Tormented Italian Master Caravaggio and Francis Bacon Connect in Rome Show





Portraits by Italian master Caravaggio and Irish-born 20th-century painter Francis Bacon stand side-by-side in new exhibition connecting their tormented views of humanity despite contrasting approaches to realism.

The show at Rome's Galleria Borghese marks 400 years since Caravaggio's death and 100 years since Bacon's birth and at its heart lies their shared fascination with the human form and their predilection for the expressive portrait.

Both were radical for their times: against the distorted idealism of high mannerism, Caravaggio was driven by obsessive attention to the real, while Bacon was derided for his refusal to relinquish the human figure in favor of abstraction.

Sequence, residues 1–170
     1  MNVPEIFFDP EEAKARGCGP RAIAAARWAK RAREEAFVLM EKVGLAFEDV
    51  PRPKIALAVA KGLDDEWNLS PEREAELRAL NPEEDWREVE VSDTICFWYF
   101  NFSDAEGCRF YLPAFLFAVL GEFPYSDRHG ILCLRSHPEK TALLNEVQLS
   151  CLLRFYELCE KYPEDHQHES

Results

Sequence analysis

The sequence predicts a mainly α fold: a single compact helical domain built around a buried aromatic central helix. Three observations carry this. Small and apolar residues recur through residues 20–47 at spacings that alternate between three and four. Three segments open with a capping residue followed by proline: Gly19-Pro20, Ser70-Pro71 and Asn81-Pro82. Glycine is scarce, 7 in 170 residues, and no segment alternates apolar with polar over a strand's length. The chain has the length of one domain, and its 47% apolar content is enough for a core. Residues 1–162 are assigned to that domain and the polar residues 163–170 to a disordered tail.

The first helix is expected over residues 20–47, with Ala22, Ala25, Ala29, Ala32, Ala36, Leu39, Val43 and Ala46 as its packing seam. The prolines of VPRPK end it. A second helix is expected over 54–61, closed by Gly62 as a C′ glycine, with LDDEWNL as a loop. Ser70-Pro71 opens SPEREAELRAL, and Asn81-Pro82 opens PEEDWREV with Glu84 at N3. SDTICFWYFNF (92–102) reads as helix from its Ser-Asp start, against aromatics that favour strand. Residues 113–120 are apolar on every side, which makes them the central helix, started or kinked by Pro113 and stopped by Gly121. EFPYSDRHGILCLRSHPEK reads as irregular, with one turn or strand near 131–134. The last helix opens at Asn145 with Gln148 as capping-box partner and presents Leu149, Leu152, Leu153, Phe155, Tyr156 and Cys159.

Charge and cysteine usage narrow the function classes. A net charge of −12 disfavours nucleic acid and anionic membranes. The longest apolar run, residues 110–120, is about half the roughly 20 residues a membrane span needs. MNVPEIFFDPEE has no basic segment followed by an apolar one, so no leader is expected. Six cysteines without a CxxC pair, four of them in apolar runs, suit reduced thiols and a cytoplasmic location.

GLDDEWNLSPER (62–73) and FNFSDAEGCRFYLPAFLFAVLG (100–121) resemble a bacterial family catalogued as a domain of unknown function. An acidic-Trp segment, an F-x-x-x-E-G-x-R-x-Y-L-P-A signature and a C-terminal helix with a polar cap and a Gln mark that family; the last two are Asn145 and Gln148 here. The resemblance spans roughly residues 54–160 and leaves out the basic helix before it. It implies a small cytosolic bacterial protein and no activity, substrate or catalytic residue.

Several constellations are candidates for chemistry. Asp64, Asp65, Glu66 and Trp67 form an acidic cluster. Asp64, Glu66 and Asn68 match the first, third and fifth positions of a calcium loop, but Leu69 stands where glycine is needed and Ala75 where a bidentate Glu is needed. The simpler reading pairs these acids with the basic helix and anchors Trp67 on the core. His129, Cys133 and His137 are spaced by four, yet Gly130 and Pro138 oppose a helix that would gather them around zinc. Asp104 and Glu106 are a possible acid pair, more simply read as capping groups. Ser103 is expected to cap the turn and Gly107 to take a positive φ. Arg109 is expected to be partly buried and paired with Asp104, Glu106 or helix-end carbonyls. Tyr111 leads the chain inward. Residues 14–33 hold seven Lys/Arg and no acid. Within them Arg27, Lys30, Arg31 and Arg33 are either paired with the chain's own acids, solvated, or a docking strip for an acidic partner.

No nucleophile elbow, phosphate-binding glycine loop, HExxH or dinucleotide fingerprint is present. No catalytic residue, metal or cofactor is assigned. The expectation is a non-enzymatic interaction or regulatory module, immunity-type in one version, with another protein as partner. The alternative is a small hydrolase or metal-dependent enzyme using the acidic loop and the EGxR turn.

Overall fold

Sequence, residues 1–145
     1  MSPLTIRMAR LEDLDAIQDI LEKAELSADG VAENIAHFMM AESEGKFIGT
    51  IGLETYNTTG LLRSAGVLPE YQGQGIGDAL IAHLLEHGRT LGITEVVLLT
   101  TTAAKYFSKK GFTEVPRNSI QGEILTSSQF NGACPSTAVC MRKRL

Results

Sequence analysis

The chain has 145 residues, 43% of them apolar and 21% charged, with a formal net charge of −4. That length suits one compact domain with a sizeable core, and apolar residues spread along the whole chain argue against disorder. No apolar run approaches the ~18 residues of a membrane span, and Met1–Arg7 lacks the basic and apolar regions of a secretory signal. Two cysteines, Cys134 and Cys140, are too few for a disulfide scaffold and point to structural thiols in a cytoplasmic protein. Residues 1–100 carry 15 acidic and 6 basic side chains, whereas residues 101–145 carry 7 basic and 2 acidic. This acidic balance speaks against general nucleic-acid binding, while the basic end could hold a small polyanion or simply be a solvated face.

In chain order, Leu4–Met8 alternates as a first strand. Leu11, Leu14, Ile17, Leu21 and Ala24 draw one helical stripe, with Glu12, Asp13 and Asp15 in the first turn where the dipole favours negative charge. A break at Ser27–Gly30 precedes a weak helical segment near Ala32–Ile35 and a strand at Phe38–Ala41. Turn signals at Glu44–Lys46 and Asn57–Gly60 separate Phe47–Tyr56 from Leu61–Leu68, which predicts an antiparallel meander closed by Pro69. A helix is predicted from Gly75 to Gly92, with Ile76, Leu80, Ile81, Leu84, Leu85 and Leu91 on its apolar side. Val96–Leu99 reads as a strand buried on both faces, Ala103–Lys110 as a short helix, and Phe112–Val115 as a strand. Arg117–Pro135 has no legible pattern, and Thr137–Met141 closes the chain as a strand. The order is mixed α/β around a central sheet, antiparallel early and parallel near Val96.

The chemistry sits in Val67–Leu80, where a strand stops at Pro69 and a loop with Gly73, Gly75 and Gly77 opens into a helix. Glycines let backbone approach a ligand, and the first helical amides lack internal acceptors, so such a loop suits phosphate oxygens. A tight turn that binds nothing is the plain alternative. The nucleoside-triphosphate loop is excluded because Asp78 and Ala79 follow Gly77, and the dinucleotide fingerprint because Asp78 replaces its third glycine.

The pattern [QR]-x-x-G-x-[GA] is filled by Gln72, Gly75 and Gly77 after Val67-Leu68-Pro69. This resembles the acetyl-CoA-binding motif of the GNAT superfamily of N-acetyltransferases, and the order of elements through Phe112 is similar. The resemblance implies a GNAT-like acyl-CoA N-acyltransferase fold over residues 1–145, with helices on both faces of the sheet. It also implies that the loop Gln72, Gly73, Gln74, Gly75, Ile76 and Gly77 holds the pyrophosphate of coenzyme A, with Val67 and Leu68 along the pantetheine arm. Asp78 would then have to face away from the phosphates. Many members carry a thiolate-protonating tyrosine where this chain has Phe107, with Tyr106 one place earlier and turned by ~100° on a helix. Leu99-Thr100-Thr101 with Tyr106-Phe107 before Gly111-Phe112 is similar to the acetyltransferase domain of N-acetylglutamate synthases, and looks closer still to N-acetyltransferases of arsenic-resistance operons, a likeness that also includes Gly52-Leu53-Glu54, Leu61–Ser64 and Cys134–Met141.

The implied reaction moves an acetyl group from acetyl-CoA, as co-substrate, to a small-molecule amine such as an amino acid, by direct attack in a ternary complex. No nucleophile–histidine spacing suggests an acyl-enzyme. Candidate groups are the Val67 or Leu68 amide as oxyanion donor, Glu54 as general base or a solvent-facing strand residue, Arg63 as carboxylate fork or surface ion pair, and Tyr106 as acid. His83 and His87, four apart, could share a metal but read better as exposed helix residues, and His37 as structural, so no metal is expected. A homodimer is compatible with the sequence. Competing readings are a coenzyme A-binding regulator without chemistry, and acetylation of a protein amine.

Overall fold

"Bacon can be compared to Caravaggio above all in terms of intensity," said art historian Michael Peppiatt, co-curator of the exhibition and Bacon's close friend and biographer.

Both painters have been seen as icons of gay, tormented genius and their tragic natures and lives marked by violence -- Bacon's lover committed suicide and Caravaggio was condemned to death after killing a man -- are echoed in their works.

"They were both conscious of the shortness of life and of the fragility of humanity, and each powerfully conveys this consciousness through his art," said Peppiatt in a statement.

Seventeen works by Bacon are featured alongside 14 paintings by Caravaggio, six of which, including the "Madonna with the Serpent" and the "Sick Bacchus," belong to the Borghese's permanent collection...


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